Rev. Heather J. Blais
On the day of Resurrection, most of the disciples were gathered together in one house. They were still mulling over the news that Jesus’ body had been removed from the tomb, when Mary came bursting in, announcing she had ‘seen the Lord’. Yet instead of rejoicing, the disciples got up, and locked the doors. They were afraid. Maybe they were afraid this was some cruel power move by leaders at the Temple, in order to finally put an end to the Jesus Movement. Maybe they were afraid that Mary, in her grief, had completely lost her mind. Maybe they were afraid that it was true. What does it mean to see the dead rise? What were the disciples supposed to do now? This information overwhelmed them, terrified them. Like children afraid of the shadows moving in their room at night, they closed their eyes, and pretended nothing was happening.
We can likely all relate to that feeling. Being so afraid of the unknown, of the possible effects of change, that we long to calm down our hearts and minds by simply locking the door and pretending this isn’t really happening. Yet when we are overwhelmed by our fear, Christ comes to meet us where we are. The resurrected Jesus appeared in the house, walking thru walls to get there. In order to help the disciples overcome their fear, he greets them ‘Peace be with you’ and then shows them his hands and side. In that moment, the disciples knew they no longer needed to be afraid; they rejoiced. Jesus responded to their joy by starting the conversation again, greeting them a second time, ‘Peace be with you’. He then commissions the disciples to go and be the Jesus Movement, breathing the Holy Spirit upon them, giving them new life in the process.
When we are unsure, and afraid, Christ comes to meet us where we are. Thomas missed meeting the resurrected Jesus, doubted it was possible, explained to his friends that the only way he would believe is if he touched Jesus’ wounds for himself. A week later, the resurrected Jesus shows up, just so Thomas can touch and see for himself. With God’s help, Thomas overcame his fear and doubt. With God’s help, we too, can overcome our fears and doubt. Because two thousand years ago, Jesus spoke to future Christians, by blessing us. He said, “Blessed are those who have not seen and yet have come to believe” (John 20:29).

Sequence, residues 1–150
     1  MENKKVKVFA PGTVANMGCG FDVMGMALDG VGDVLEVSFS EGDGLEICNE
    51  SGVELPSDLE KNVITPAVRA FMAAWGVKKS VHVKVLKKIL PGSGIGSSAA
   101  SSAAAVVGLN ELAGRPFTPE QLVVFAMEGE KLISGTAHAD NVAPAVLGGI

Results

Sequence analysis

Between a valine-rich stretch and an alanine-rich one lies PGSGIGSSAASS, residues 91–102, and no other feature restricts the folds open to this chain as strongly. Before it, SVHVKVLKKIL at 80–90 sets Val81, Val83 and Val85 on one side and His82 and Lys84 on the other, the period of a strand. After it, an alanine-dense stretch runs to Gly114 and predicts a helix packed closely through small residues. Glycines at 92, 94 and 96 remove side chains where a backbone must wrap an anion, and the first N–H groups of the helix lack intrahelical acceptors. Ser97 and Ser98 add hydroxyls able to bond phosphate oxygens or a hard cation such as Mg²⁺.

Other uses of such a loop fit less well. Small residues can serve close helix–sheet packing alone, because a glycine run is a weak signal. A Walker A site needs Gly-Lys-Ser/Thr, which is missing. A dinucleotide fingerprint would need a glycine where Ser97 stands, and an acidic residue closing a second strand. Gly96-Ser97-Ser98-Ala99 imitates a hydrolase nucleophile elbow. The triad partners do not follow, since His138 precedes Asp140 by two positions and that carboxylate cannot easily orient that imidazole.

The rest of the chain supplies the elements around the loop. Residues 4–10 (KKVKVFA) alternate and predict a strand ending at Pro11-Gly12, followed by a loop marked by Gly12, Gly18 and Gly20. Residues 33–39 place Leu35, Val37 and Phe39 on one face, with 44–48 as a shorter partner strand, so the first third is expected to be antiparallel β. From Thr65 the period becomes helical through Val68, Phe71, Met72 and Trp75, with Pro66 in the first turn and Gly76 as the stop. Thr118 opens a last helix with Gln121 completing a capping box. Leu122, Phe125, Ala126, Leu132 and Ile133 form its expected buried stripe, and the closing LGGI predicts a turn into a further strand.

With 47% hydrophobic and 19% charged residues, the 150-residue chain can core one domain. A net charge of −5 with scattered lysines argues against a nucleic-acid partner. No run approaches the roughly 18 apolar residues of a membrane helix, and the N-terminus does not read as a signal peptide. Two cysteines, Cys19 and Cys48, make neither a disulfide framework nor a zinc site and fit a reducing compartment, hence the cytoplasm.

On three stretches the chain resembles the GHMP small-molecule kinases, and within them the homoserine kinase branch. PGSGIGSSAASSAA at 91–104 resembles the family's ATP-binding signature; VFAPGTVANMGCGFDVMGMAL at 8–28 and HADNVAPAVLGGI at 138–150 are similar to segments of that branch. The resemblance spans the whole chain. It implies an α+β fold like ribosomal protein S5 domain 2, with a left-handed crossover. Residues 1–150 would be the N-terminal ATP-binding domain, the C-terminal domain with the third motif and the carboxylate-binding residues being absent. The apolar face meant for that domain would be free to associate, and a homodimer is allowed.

It is so easy to let fear and doubt overwhelm us, to keep us stuck in place, or even behind locked doors. Take a widow and widower who find one another after losing their respective spouses. It might have been easier to never love again. The widow and widower will always have a lifetime of memories and love for their former spouses that they will bring into their new marriage. Yet for it to be a joyful marriage, one that is life-giving and loving, neither the widow or widower can expect their new spouse to simply fill the void of their deceased spouse. They will have some things to work out as they live together and love one another.
The widow may have spent the last sixty Christmas Day’s at the family farmhouse, surrounded by her large extended family, while the widower may have been accustomed to a quiet morning with his former spouse. The widow may have kept the coffeemaker in one place, and the widower another. The widower may have used Scotch toilet paper, and the widow may have used Charmin.
The longer we have lived, the more likely we are to become stuck in our ways. So you might imagine, a couple that marries later in life, after having each lost a beloved spouse, has a few more things to sort out as they learn to share a home and make a life together. Yet there is no doubt in either of the couple’s minds, that this marriage is for the better. They know in their heart of hearts that they will be better together, loving one another until the very last.
As our two communities come together to become the people of Saints James and Andrew, we too must overcome our fears of leaving our former lives to create a new life together. A new life where, we too, will be better together. Just like the disciples gathered in that room, I believe the Holy Spirit is breathing on us as a beautiful new life unfolds for us this Easter. Just like the widow and widower, we will have to sort out what toilet paper we use, where the coffee maker goes, and how we celebrate Christmas. There will be unanticipated bumps, that we will work out as we learn to live together.